Winter turns to spring, and John and Ariel get married. As a wedding gift, Max reveals to John that he was able to get his tax debt reduced to what he originally owed and that he paid it off himself. The day and the film end with Max heading off to a local dance at the VFW, leaving Jacob alone in the house. As luck would have it, Melanie is also home by herself and the two decide to make an attempt to find romance with each other.
The screenplay of Grumpy Old Men was written by Mark Steven Johnson, a film student at Winona State University (Minnesota) and was based upon the life of noted Winona State theater professor Vivian Fusillo. The character of Max Goldman was based on former KWNO radio station owner and announcer Rod Hurd, who was dating Ms. Fusillo for a period in the 1970s.
- Jack Lemmon as John Gustafson Jr.
- Walter Matthau as Max Goldman
- Ann-Margret as Ariel Truax
- Burgess Meredith as John Gustafson Sr.
- Daryl Hannah as Melanie Gustafson
- Kevin Pollak as Jacob Goldman
- Ossie Davis as Chuck (Bait Shop Owner)
- Buck Henry as Elliott Snyder (IRS Agent)
- Christopher McDonald as Mike
- Steve Cochran as Weatherman
- Joe Howard as Pharmacist
Grumpy Old Men was one of the biggest surprise hits of the year at the time of its release. The film opened on December 25, 1993 with a weekend gross of $3,874,911. However, its numbers gradually became stronger, earning a domestic total of $70 million, well above its budget of $35 million.
The film was met with mixed to positive reviews by critics. Review aggregator Rotten Tomatoes reports that 65 percent of 37 critics have given the film a positive review, with a rating average of 5.8 out of 10.
Caryn James of The New York Times called the film "the kind of holiday movie a lot of people are searching for." He went on to explain that this is because "It's cheerful, it's well under two hours and it doesn't concern any major social blights, unless you think Jack Lemmon tossing a dead fish into Walter Matthau's car is cause for alarm." Despite rating it with two stars out of four, and giving it a mixed review about the film's credibility and diction, Roger Ebert of the Chicago Sun-Times concluded his review by saying that "Matthau and Lemmon are fun to see together, if for no other reason than just for the essence of their beings." Peter Rainer of the Los Angeles Times said, "Watching Jack Lemmon and Walter Matthau sparring with each other in Grumpy Old Men is like watching an old vaudeville routine for the umpteenth time." Rainer added, "They play off their tics and wheezes with the practiced ease of old pros but there's something a bit too chummy and self-congratulatory about it all."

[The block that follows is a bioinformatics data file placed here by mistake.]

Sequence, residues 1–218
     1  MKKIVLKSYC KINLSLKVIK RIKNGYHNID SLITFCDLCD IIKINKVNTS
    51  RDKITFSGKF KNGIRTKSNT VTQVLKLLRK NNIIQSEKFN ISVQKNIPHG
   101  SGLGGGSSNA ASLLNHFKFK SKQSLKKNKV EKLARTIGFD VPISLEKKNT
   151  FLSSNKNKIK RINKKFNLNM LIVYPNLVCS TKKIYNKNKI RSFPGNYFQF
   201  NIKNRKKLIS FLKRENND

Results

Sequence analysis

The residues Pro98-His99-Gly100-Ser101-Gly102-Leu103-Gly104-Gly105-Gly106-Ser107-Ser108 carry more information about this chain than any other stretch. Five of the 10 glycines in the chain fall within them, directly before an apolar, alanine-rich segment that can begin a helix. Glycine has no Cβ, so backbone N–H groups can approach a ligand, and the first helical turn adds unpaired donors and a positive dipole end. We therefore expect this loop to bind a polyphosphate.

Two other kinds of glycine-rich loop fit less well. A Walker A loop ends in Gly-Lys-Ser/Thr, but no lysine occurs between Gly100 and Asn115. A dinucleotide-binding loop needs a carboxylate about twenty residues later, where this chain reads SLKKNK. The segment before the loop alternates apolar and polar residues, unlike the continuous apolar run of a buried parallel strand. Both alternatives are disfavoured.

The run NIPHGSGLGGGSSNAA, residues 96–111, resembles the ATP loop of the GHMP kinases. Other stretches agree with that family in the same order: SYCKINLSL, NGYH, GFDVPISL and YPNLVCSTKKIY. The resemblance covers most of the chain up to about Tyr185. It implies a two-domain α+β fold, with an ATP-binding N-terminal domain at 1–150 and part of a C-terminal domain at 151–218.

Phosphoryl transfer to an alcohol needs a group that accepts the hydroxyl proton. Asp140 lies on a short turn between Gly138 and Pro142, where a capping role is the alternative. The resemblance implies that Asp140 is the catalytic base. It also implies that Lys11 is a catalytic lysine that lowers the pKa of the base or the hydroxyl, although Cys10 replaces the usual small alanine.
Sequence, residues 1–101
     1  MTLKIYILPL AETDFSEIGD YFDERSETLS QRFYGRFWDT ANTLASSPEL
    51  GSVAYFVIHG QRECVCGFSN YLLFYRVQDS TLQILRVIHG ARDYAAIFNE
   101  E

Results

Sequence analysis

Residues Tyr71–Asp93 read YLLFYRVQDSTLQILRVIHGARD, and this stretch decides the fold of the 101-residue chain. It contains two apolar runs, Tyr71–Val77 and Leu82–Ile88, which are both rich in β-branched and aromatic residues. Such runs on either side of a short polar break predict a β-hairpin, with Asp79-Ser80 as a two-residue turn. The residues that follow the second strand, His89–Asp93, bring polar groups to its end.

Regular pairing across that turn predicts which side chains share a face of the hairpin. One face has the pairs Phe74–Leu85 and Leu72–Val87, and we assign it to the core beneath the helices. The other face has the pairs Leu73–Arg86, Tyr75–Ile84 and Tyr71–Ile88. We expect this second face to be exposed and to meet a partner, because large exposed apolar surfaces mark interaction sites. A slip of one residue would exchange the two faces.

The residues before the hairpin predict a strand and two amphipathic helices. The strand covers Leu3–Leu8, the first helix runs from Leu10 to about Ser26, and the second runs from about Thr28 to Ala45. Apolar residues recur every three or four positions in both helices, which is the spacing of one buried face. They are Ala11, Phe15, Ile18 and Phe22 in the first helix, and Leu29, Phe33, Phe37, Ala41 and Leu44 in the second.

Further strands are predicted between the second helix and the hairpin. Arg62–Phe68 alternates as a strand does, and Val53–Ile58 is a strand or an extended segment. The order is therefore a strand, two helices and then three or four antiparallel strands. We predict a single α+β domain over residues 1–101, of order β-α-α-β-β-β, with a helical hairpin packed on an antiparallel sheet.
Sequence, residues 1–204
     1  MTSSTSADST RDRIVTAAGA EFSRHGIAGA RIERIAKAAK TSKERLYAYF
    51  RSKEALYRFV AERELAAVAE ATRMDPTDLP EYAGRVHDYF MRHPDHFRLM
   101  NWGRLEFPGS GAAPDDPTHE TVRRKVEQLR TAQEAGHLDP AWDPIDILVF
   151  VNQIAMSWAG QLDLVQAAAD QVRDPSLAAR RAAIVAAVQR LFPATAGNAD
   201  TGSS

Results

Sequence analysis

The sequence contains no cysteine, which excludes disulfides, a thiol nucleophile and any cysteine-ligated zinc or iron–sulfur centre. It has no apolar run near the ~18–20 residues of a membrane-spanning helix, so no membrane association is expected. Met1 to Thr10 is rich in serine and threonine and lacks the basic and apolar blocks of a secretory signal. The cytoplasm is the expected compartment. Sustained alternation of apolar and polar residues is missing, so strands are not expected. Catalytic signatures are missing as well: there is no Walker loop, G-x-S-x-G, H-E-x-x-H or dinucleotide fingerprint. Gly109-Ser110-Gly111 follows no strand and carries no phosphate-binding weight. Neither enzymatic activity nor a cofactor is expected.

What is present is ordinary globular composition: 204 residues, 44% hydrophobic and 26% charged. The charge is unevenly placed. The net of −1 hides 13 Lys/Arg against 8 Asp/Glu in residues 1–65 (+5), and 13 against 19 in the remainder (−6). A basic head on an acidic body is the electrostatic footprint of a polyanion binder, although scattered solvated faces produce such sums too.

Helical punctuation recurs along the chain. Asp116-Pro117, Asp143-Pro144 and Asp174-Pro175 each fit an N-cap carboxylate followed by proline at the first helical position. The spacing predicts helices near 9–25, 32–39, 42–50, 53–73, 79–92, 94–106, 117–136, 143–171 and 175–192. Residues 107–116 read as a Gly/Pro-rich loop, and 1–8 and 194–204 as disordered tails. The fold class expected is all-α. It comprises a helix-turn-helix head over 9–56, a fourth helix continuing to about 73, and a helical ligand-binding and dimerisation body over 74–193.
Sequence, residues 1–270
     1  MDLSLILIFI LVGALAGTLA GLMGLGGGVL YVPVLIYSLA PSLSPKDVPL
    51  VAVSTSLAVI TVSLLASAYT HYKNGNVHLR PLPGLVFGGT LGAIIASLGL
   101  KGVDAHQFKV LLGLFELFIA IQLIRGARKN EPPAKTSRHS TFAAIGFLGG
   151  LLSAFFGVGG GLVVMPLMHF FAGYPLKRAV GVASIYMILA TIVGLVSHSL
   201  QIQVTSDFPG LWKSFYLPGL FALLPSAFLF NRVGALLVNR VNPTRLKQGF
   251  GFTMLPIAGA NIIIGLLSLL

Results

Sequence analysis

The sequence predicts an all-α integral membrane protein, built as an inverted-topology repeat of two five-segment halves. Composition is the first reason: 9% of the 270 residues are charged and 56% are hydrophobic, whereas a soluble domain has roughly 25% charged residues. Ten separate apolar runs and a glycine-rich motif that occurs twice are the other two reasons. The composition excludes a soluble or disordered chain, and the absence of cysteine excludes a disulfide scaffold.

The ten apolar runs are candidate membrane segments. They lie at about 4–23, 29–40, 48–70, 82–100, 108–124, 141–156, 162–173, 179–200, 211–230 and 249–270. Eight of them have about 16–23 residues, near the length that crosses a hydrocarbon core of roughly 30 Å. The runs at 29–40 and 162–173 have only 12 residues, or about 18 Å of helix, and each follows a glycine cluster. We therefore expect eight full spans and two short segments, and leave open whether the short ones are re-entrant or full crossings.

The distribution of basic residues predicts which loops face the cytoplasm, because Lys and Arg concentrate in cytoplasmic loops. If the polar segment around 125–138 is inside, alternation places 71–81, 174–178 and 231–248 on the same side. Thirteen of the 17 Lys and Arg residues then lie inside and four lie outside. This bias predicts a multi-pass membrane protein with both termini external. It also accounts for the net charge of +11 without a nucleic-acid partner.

American Film Institute recognition:
Grumpy Old Men was first released on DVD on June 25, 1997. On August 22, 2006, the film was made available in a DVD "Double Feature" pack along with its sequel Grumpier Old Men. On July 7, 2009, the film was made available by itself on Blu-ray. The "Double Feature" pack was later released onto Blu-ray on February 23, 2010. The Blu-ray releases marked the first time both films have been available in widescreen since the LaserDisc releases. None of the Blu-ray releases contain any special features.
- "In a class all her own".
- "Not Grumpy or Old". Los Angeles Times. Retrieved June 1, 2012.
- "Weekend Box Office : 'Mrs. Doubtfire' Still Cleaning Up". Los Angeles Times. Retrieved June 1, 2012.
- "Grumpy Old Men (1993) - Box Office Mojo". IMDB. Box Office Mojo. Retrieved September 12, 2012.
- "Grumpy Old Men". Rotten Tomatoes. Retrieved March 21, 2016.
- Caryn James (December 24, 1993). "Review/Film; Cheerful, Short and No Big Blights". The New York Times. Retrieved June 1, 2012.
- Roger Ebert (December 24, 1993). "Grumpy Old Men :: rogerebert.com :: Reviews". Chicago Sun Times. Retrieved June 1, 2012.
- Peter Rainer (December 25, 1993). "MOVIE REVIEW : 'Grumpy': Hearts, Flowers, Whoopee Cushions". Los Angeles Times. Retrieved June 1, 2012.
- "AFI's 100 Years...100 Laughs Nominees" (PDF). Retrieved June 30, 2012.
- Broadwater, Casey (March 17, 2010). "Grumpy Old Men / Grumpier Old Men Blu-ray Review". Blu-ray.com. Retrieved September 13, 2012.